The transition to remote, and now blended learning, has been incredibly challenging for students and educators alike but it has especially difficult for those with additional support needs. Many have co-occurring difficulties and rely heavily on a variety of support mechanisms in the classroom. So the key question is how do you maintain this level of support when the classroom the student and educator are in is no longer the same four walls? How do you create the inclusive classroom when the physical classroom is no longer there?
Thankfully, Microsoft’s Learning Tools are available to all educators and staff with M365 levelling the playing field and ensuring that every student can share their voice and become successful learners. The best aspect of all is that the tools are completely integrated into Microsoft tools such as Microsoft Teams, OneNote and Flipgrid. No extensions or additional cumbersome steps to install an add-in are required to access the tools. The tools are there by default and that is key for creating any inclusive classroom: accessibility by default.
When I am creating my classroom, inclusion is always the first aspect I consider. It is so important to ensure that we intentionally include otherwise we are always destined to unintentionally exclude. I am now going take you into the strategies I employ to develop the inclusive classroom and I have broken it down into four key areas: reading, writing, maths and communication.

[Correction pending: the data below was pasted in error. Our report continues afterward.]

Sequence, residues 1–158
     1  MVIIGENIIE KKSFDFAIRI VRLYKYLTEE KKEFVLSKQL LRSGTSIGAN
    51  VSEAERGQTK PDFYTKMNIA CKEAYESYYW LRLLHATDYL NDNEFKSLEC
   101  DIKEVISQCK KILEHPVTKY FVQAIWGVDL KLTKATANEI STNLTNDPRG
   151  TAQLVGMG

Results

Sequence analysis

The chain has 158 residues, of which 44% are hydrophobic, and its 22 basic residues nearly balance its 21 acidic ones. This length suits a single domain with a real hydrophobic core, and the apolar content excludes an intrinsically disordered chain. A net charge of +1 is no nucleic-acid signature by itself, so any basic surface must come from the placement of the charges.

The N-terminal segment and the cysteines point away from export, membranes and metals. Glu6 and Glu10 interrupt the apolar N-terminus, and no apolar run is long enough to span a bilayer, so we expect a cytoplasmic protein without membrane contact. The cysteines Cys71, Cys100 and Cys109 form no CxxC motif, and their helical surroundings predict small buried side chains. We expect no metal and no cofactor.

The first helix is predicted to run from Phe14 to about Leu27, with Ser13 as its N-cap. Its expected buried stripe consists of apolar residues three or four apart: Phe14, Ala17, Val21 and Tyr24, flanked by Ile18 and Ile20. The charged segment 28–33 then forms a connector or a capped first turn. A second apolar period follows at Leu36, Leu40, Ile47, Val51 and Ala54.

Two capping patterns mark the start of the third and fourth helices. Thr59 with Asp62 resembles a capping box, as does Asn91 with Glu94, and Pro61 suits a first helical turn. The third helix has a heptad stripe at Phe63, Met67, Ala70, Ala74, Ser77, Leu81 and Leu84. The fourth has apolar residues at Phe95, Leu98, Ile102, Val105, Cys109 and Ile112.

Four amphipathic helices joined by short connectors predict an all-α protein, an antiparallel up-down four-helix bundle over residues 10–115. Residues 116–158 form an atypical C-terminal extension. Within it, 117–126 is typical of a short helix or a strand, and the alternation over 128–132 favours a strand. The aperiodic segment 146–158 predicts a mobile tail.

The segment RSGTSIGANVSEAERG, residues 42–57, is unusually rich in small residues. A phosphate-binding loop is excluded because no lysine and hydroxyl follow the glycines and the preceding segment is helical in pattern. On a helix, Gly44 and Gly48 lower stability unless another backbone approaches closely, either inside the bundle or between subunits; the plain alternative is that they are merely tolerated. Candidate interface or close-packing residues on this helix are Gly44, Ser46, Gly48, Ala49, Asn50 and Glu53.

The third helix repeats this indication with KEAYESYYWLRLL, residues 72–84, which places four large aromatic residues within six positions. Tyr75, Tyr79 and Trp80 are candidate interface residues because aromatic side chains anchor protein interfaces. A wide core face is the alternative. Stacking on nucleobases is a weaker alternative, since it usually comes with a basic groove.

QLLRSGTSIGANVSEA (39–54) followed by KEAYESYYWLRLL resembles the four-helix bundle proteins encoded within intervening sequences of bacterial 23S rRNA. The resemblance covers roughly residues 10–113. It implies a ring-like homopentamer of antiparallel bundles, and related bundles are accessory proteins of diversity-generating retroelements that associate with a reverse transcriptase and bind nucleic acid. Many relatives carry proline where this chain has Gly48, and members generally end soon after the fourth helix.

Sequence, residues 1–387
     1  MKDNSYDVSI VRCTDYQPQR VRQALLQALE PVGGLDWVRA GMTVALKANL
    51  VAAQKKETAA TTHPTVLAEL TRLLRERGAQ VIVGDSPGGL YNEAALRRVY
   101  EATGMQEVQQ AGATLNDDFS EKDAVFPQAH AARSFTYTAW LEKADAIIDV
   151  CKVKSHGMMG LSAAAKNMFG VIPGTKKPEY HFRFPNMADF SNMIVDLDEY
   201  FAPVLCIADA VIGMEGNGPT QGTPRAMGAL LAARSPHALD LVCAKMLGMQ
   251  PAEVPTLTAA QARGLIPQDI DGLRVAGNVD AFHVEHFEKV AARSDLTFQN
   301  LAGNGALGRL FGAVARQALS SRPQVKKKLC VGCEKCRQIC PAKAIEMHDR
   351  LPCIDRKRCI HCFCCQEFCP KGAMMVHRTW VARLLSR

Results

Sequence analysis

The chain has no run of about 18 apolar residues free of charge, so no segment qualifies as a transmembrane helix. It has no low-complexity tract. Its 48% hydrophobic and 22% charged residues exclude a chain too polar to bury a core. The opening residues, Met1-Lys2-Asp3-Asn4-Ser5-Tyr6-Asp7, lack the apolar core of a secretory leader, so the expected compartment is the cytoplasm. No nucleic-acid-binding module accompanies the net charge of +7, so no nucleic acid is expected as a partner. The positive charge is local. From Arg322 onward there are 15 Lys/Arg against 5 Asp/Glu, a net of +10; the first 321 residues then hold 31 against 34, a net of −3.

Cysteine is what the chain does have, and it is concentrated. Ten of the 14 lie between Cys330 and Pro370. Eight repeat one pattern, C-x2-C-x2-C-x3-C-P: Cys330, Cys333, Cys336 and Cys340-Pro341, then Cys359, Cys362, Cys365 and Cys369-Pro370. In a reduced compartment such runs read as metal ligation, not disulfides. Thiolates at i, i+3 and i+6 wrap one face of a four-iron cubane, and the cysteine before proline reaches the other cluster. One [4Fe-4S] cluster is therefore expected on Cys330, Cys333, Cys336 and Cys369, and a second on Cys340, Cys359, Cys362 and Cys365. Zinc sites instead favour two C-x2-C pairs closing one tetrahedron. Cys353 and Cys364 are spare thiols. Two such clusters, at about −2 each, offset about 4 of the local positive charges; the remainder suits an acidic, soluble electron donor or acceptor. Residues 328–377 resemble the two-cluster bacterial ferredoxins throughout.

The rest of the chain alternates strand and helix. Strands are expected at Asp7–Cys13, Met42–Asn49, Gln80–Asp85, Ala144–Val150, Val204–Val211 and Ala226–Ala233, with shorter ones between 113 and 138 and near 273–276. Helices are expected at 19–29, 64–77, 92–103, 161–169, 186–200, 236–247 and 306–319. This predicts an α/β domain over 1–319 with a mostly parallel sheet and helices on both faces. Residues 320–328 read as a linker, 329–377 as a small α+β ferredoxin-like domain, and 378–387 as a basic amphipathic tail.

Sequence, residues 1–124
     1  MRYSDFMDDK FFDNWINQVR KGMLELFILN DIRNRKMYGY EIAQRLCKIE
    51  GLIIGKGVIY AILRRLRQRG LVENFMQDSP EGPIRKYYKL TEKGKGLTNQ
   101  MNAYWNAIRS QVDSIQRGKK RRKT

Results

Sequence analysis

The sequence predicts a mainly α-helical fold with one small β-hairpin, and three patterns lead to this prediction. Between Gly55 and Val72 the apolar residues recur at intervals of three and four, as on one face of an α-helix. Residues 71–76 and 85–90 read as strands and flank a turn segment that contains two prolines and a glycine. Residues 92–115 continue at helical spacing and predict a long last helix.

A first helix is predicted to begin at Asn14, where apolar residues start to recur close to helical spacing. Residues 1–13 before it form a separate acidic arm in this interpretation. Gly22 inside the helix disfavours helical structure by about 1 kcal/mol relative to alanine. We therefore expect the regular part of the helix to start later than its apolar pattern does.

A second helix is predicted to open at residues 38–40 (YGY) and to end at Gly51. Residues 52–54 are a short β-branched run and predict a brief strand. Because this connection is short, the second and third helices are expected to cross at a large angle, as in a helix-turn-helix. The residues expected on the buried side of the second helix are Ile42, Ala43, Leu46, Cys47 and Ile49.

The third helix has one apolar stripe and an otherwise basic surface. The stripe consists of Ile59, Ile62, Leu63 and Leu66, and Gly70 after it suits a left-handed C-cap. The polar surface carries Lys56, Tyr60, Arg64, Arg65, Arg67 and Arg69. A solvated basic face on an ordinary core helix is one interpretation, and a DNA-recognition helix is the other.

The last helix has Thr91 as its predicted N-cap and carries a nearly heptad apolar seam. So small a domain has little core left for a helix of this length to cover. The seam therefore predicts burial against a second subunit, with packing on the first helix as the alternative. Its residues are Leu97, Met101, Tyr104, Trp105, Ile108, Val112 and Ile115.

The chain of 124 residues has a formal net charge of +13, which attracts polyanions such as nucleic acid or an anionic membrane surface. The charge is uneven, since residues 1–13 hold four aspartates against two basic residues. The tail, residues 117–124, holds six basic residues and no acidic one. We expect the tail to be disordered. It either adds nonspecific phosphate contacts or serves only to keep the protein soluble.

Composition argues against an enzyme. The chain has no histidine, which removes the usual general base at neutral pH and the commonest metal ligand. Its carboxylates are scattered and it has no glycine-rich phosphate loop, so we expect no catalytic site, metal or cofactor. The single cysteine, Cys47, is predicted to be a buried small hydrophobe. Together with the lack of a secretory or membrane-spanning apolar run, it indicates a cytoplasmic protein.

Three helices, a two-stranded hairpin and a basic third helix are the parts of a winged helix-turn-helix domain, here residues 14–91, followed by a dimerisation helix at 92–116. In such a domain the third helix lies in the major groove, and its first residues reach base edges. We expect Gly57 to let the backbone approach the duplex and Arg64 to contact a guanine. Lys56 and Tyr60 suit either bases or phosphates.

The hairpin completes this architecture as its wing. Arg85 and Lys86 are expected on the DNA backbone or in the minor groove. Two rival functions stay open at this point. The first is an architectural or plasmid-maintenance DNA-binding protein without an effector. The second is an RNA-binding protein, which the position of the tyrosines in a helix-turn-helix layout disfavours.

Microsoft’s Immersive Reader has completely transformed my classroom and, I am not exaggerating when I say that it has been life-changing for many of the students I work with.
I had used various Text to Speech software applications in the past with limited success. They did the job but were clunky and often prone to crash. Worst of all they were just another thing to worry about. As soon as I pressed the Immersive Reader logo on OneNote for the first time I was hooked (I always feel like a little bit of sparkle dust should appear when I click). I couldn’t quite believe the options available to my students. Page colours could be instantaneously changed (no more need for coloured overlays; the students kept losing them anyway), line focus meant that my students could remove distractions and focus on one, three or five lines at time (no more reading rulers; again they just lost them). Picture dictionary available to show an image of a word to support comprehension, using Boardmaker symbols that I had used for years without the need to print out, cut out, laminate, lose them and repeat again and again.
Last time I checked, Immersive Reader can translate text into 63 different languages and that list continues to grow and grow. I have now introduced Immersive Reader to every student I work with for the past three years since I discovered it (and every colleague too).
With the transition to remote learning, many students are now getting bombarded with so much more text to read than ever before. Every assignment can be full of text instructions, PDF and Word attachments also full of text, links to websites again with screeds of text and so on. It’s not surprising that many students are not engaging with online activities.
By introducing Immersive Reader to all my students (and colleagues) in school prior to lockdown, I’ve also empowered them to develop the skills needed to access any form of text. Microsoft Teams is the hub we use to communicate and share and Immersive Reader is there in every line of text for anyone to access with just 2 clicks (click three dots and click Immersive Reader).